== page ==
There’s a myth that the Anzacs were salt of the earth middle Australians lead to disaster at Gallipoli by effete English officers who sat in boats offshore quaffing champagne.
It fits later ideas we’ve decided to have about ourselves but there are two major problems with it.
The first, and apparently a not very important one, is that it isn’t true.
The second is that it traduces the memory of a Canberran. So we’re going to rectify it, as far as we can, here.
The first commander of the Australian Imperial Force was one Major General Sir William Throsby Bridges KCB CMG who landed at Anzac Cove on 25 April 1915 at 7.30am.
He had previously founded the Royal Military College here in Canberra, and worshipped at St John’s Church in Reid.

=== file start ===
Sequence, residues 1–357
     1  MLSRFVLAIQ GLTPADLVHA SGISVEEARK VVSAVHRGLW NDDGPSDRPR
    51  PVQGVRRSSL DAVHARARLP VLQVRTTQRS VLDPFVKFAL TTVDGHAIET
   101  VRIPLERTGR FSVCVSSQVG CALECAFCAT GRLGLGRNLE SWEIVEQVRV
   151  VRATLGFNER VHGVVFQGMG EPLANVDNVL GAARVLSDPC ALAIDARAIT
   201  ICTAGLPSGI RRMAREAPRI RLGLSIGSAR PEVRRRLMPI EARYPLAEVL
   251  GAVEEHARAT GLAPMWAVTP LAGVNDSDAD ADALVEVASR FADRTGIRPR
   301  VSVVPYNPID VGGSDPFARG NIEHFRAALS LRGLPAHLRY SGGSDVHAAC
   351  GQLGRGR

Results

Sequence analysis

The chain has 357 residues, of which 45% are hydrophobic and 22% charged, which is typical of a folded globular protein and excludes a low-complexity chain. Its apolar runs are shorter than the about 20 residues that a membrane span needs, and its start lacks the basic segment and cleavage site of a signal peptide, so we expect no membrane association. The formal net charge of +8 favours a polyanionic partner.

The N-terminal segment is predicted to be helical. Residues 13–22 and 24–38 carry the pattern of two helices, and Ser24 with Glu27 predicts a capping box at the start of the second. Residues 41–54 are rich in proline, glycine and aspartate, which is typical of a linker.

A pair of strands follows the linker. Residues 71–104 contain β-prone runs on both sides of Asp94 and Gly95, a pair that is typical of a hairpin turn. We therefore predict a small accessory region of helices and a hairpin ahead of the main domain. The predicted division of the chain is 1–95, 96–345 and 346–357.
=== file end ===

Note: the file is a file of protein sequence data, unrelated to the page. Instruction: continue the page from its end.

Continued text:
He was wounded by a Turkish sniper on 15 May 1915 and died of his wounds on 18 May 1915.
Items to consider as to his importance at the time:
- — King George V rushed to ensure Throsby Bridges knighthood took place before death.
— His horse Sandy was the only Australian horse brought home from the war.
— Throsby Bridges was, until the repatriation of the Unknown Soldier in the 1990’s, the only dead soldier from the First World War to be returned to Australia.
— His grave at Duntroon is the only structure in Canberra designed by Walter Burley Griffin (There’s also a magnificent plaque to his memory at the front of the Northern wall of St John’s Church in Reid).
If you’re interested there’s a solid biography at Digger History.